If you were expecting pesticide-free pot from the state stores, so much for that idea… and don’t even think about asking for “organic” cannabis, as there certainly won’t be any of that.
Is it a coincidence that the WSLCB waited until the day after their “public input” meeting to announce that state-store marijuana will have all these pesticides in it? One can only imagine what the patients who spoke Thursday night would have had to say about that. Many of them have compromised immune systems, compromised liver function, or both — which makes it a really bad idea to ingest bug poison.
By the way, you’re not going to be allowed to grow your own, pesticide-free marijuana, because under I-502, no private home growing is allowed. And as the WSLCB told us again at Thursday night’s meeting, they’re recommending that the right to grow — which Washington patients have had for 15 years now — be taken away, as well. You see, it’s “inefficient,” they say, to have more than one place — you guessed it, THEM! — to buy your cannabis.
Never mind that plenty of patients won’t be able to afford state-store prices. Never mind that plenty of them don’t need to be ingesting pesticides. It’s time to make some phat pot profits, people!
With 25 percent taxes applied to cannabis at the growing, processing, and retail levels (yes, 75 percent tax), that marijuana, which could legally have had more than 200 pesticides used on it, will cost you pretty dearly. Estimates have run as low as $15 and as high as $50 a gram.
List of Acceptable Pesticides for Growing Marijuana under I-502The rules governing the implementation of I-502 limit pesticides that may be used to produce recreational marijuana. The Washington State Liquor Control Board (WSLCB) and the Washington State Department of Agriculture (WSDA) recently produced the list of acceptable pesticide products.Only authorized pesticide products may be used. Using an unauthorized pesticide is a public safety license violation and can result in the cancellation of a producer’s license (see WAC 314-55-520).WAC 314-55-010(13) defines a pesticide as meaning, but is not limited to: (a) Any substance or mixture of substances intended to prevent, destroy, control, repel, or mitigate any insect, rodent, snail, slug, fungus, weed, and any other form of plant or animal life or virus, except virus on or in a living person or other animal which is normally considered to be a pest; (b) any substance or mixture of substances intended to be used as a plant regulator, defoliant, or desiccant; and (c) any spray adjuvant. Pesticides include substances commonly referred to as herbicides, fungicides, and insecticides.Licensed producers can use pesticides registered by WSDA under chapter 15.58 RCW that are allowed for use in the production, processing, and handling of marijuana.If a particular pesticide is not consistent with the allowable pesticide criteria WSDA uses for marijuana production, the applicator could unknowingly be in violation of Washington pesticide laws (RCW 15.58.150(2)(c) and WAC 16-228-1500(1)(b)). We recommend that pesticides from the OMRI list be cross-checked with the list of over 200 pesticides registered by WSDA that are allowable for use in marijuana production in PICOL.WSU’s Database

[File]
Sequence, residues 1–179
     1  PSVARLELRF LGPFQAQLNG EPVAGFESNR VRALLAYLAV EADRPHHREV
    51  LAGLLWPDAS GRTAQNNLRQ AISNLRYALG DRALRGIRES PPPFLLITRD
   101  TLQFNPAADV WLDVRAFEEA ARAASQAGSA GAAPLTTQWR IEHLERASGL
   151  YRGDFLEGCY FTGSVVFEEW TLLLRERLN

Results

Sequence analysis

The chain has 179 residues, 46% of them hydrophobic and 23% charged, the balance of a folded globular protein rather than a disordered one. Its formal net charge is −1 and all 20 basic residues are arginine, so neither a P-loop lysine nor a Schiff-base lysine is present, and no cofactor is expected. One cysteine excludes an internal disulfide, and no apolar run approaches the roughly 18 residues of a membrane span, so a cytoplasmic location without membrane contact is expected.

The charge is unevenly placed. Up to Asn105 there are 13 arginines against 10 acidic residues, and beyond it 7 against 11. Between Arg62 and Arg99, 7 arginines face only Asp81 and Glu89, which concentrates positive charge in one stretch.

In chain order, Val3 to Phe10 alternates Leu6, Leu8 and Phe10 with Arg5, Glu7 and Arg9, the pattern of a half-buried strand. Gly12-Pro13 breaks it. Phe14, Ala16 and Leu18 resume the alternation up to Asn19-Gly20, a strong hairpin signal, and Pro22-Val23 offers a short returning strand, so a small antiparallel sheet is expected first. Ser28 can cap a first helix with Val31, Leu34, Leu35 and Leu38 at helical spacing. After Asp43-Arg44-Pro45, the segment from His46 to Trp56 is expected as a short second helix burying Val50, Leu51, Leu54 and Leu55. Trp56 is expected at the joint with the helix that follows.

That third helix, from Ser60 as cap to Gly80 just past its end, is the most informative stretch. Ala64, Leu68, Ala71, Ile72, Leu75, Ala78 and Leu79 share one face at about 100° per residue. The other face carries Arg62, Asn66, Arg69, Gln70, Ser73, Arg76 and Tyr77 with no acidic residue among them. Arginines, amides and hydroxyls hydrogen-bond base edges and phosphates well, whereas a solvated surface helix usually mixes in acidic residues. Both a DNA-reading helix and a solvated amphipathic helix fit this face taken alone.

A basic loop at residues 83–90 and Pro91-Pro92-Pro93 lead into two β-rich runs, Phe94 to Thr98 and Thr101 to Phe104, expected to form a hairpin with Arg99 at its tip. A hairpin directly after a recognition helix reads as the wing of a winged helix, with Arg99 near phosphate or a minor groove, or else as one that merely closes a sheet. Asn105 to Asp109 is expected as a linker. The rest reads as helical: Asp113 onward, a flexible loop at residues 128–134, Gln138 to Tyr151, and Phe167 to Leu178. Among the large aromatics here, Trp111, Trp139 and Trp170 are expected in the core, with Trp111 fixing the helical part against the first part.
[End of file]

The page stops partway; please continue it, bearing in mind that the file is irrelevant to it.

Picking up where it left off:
A preliminary list of over 200 pesticides registered by WSDA under chapter 15.58 RCW that are allowed for use in the production, processing, and handling of marijuana can be found at Washington State University’s (WSU) PICOL (Pesticide Information Center Online) database at:
Under the “crop” drop-down menu choose: “I-502/I-692 (WA Only).”
PICOL lists the regulatory status of pesticides, as determined by WSDA. Updates can be made on a daily basis as pesticides are registered (and cancelled) by WSDA.Using the PICOL Database
WSU has prepared tutorials as a starting point for prospective marijuana producer applicants in using the PICOL database.
- Basic Tutorial for Using PICOL database: This site will assist you in your search for products for the control of a pest or pests commonly found in the production of marijuana. “How to Run a Search” begins on page 5 of 12.
- I-502 Specific YouTube Tutorial: This video is specific to PICOL and I-502.